Writing Homework #4: Drabbles and Self-Editing Practice

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For this assignment, you don’t need to pull any books from your shelves.

You need a drabble prompt, a word-counting app, and about fifteen minutes.

(Feel free to use other sources for either, those are suggestions. I do recommend using an app, though, and not checking word counts in your normal program, because it’s helpful to see the count change in real time.)

I want you to write a drabble–that is, a 100-word scene–based on one of the prompts. Write the first thing that comes to your head, and write fast–don’t overthink it or worry about the exact word count yet. Just aim for a scene that’s short, but still has a clear beginning, end, and purpose.

Then, your goal is to cut it back to 100 words (or less.)

I started with this prompt: Meet me at midnight. Alone.

Without paying attention as I typed, I got 119 words:

My phone buzzed on the nightstand. I wanted to ignore it, but I checked the new text anyway. Billy had been having a rough week.

Meet me at midnight. Alone.

I sighed and dropped my book, dragging myself out of bed. I had half an hour to get dressed and find him, because of course Billy hadn’t said where he was. I had a good idea, at least of where to start looking. The last time I’d gotten a cryptic message like this, I’d ended up at the lake, twenty minutes late.

I hoped this time around, I wasn’t going to need my shovel.

I checked my trunk before I left, though. It was still there, just in case.

So here’s the question–can I cut 19 words without giving up any story elements?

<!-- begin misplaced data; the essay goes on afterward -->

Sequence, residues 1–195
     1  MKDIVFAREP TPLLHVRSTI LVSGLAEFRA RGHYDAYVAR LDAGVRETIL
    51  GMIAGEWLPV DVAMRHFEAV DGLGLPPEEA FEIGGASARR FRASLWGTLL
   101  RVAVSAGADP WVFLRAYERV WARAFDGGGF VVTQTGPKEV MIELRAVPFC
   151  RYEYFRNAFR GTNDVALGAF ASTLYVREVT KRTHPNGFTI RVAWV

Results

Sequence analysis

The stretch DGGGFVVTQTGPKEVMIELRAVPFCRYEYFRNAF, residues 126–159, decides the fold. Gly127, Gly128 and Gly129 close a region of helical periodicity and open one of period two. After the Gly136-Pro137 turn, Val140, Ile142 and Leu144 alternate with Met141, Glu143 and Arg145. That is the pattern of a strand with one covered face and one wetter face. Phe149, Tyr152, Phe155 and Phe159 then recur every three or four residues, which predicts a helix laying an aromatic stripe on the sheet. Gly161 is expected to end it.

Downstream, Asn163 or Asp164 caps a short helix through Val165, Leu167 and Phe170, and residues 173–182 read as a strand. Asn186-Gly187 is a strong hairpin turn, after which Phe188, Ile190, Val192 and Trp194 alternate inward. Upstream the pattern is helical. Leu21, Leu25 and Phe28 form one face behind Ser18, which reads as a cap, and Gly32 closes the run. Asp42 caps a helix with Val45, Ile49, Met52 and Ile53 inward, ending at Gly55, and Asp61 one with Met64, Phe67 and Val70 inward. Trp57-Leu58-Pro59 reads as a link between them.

My phone buzzed on the nightstand. I wanted to ignore it, but I checked the new text anyway didn’t. Billy had been was having a rough week.

Meet me at midnight. Alone.

I sighed and dropped my book, dragging myself out of bed. I had half an hour thirty minutes to get dressed and find him, because of course Billy hadn’t said where he was. I had a good idea, at least of where to start looking. The last time I’d gotten a cryptic message like this, I’d ended up at the lake, twenty minutes late.

I hoped this time around, I wasn’t going to wouldn’t need my shovel.

I checked my trunk before I left, though. It was still there, just in case.

I cut 26 words and added 5 new ones, when I shortened a phrase instead of cutting it, leaving me at 98 words.

Let’s look at the changes:

  • “checked the new text anyway” — At first I was going to cut “new” because that’s implied, but so is the fact that it’s a text, not a call, because the narrator doesn’t speak or mention Billy’s voice, then later refers to it as a “message.” The whole clause could go.
  • “had been” — It was acceptable as it stood, but changing tenses not only cuts a word, but makes the tone more immediate since Billy is still having a rough week.
  • “half an hour” — This one is debatable, since most people would say “half an hour” naturally, and I ended up two words under my goal. I could have changed it to “twenty minutes” to both cut the extra word and add more immediacy, but that would have changed a detail, which wasn’t the point of the exercise.
  • “wasn’t going to” — It reads fine, if informal, but “wouldn’t” is cleaner. Don’t complicate your verbs more than necessary.

Everything else is a straight cut of filler or redundancy. I could have even cut the final “just in case” as a trite phrase, but I like it, and it does imply something about how the narrator expects the night to unfold.

I’m deep, deep into this sort of editing on What We Need to Decide, but I know not everyone has a full-length manuscript lying around to practice on. Drabbles are quick to write, making them handy mini-editing lessons.

Give it a try, and if you’d like to share your finished drabbles, leave them in the comments–I’d love to read them!

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